TERRIFIC BUT NOT QUITE M-WORDS
The key to great Stephen King movies is simple: They need great directors. King can bang out a rainforest-killing tome by himself inside his Maine manse, but when they’re turned into films, they need collaborators equal to or better than him, to punch them into a different shape. King called the late George A. Romero, the father of the zombie movie, his favorite partner-in-crime, and they worked in tandem on this anthology of spooky-campy tales, none of them based on previous King work. It’s the silliest entry on either’s CV, not that interested in anything beyond scoring a gory laugh. But it’s stem-to-stern fun, from the zombie dad who kills his duplicitous family to the E.G. Marshall one-man show about a rich agoraphobe who meets his just desserts.
‘The Dead Zone’
Again: It’s all about the director. For David Cronenberg, tackling King is a step-down; the director’s own films are far more disturbing than anything the best-seller has ever dreamt up. But even as a director-for-hire job, “The Dead Zone” gets it just right. It’s more a character study with a killer hook and a boffo ending, with Christopher Walken haunted by predictive visions. Then again, not even Walken could have seen that the ending — in which a dangerous politician (Martin Sheen) who will destroy the planet loses after a major campaign trail gaffe — was in no way accurate.
‘Stand by Me’ and ‘Misery’
They don’t have much in common, except for being King movies directed by Rob Reiner and being based on novels that show different sides of their author — more psychological and grounded. “Stand by Me” isn’t even a little horror, though it is about boys lighting into the woods to locate a corpse. It could have been King (and Reiner — up till then known for comedies like “This is Spinal Tap” and, of course, being Meathead) selling out. It wasn’t. And neither was “Misery,” a very nasty, very funny movie in which James Caan plays a fine, straight man foil to Kathy Bates’ whirling dervish of an Oscar-winning turn.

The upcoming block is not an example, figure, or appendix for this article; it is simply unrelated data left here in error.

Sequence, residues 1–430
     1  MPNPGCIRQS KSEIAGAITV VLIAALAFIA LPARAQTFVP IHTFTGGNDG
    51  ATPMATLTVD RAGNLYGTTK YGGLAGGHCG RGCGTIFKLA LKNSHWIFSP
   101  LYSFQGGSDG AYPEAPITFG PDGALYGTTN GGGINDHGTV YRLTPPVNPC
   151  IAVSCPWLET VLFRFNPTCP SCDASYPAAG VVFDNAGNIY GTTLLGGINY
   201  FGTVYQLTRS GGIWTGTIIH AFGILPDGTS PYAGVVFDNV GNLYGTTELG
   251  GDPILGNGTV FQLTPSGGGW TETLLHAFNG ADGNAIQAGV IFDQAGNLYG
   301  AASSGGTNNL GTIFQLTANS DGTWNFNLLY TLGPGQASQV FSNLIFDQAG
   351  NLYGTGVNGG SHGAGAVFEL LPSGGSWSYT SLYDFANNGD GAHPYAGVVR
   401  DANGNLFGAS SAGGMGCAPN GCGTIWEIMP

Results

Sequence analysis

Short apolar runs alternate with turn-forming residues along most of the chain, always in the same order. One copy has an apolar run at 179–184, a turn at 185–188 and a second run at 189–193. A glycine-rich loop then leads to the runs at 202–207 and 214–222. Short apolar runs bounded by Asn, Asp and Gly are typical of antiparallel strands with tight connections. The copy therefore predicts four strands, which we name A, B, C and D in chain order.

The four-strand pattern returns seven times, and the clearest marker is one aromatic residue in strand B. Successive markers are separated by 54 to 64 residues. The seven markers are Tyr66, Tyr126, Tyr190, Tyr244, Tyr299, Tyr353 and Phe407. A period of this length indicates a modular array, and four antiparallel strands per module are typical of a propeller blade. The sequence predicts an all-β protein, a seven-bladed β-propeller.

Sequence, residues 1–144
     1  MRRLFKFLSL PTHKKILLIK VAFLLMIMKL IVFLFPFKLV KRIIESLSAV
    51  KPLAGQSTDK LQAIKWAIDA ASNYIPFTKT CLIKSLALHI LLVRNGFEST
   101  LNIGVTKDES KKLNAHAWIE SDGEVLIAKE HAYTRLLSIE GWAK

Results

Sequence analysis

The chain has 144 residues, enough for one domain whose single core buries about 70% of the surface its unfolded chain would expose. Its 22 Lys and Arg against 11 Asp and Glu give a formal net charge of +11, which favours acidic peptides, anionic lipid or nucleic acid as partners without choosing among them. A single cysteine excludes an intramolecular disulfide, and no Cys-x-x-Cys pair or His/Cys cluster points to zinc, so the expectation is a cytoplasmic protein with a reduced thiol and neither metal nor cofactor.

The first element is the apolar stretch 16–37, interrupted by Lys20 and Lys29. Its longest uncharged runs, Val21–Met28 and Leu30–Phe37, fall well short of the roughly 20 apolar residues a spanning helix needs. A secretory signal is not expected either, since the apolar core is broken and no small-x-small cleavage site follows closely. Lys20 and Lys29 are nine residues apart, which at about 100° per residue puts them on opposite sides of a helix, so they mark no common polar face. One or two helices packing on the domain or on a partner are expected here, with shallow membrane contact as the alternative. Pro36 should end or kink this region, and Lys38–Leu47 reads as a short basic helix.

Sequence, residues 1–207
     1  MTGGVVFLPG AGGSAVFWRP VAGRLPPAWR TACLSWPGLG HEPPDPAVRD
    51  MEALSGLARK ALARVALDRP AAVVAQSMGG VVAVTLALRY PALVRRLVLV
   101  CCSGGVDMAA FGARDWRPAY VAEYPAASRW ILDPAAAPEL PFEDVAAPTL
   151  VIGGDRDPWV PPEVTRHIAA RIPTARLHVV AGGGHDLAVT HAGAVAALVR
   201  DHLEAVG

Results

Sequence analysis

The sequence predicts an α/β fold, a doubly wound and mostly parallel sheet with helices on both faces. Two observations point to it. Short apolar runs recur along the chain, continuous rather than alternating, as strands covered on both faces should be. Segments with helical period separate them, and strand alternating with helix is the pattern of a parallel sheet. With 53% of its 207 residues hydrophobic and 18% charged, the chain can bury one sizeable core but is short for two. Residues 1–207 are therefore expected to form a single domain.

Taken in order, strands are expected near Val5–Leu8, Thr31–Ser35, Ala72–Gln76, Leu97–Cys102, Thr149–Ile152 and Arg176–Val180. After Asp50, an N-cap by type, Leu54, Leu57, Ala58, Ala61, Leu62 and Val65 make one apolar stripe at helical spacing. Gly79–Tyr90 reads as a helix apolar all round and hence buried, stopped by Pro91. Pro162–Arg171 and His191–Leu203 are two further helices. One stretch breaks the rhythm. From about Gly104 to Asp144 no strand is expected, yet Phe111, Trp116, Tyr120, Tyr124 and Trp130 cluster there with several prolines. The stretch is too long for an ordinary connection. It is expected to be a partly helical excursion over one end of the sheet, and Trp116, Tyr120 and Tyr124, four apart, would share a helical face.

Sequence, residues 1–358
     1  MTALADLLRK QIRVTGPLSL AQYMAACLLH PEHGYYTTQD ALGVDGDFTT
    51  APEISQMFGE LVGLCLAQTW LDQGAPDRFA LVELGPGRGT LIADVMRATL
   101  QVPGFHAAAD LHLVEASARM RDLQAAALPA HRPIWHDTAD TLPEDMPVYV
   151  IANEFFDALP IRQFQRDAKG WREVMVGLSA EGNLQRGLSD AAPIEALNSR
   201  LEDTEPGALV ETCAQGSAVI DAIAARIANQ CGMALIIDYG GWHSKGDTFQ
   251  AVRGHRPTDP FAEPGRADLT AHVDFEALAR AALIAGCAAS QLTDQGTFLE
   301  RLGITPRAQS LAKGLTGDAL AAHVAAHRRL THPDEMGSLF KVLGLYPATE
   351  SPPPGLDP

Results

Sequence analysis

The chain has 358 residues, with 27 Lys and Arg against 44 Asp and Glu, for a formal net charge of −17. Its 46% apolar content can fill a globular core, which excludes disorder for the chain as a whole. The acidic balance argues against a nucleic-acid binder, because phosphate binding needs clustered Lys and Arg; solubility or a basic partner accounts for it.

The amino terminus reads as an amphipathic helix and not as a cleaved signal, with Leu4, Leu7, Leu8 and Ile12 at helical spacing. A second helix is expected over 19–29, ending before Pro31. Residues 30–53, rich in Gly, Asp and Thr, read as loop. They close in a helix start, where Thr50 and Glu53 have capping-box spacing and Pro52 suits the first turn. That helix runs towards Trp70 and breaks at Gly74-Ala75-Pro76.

FLAWED BUT INTERESTING
It only took four films — namely with 1983’s lackluster “Cujo” — for the wheels to start to coming off of the Stephen King Movie Machine. John Carpenter tried his best with the one about the killer car, and though it’s no great shakes, there’s enough pleasure here to get it over the finish line. Once again, with feeling: It’s all about the director, even when even someone like John Carpenter can only make it bronze, not silver or gold.
‘The Dark Half’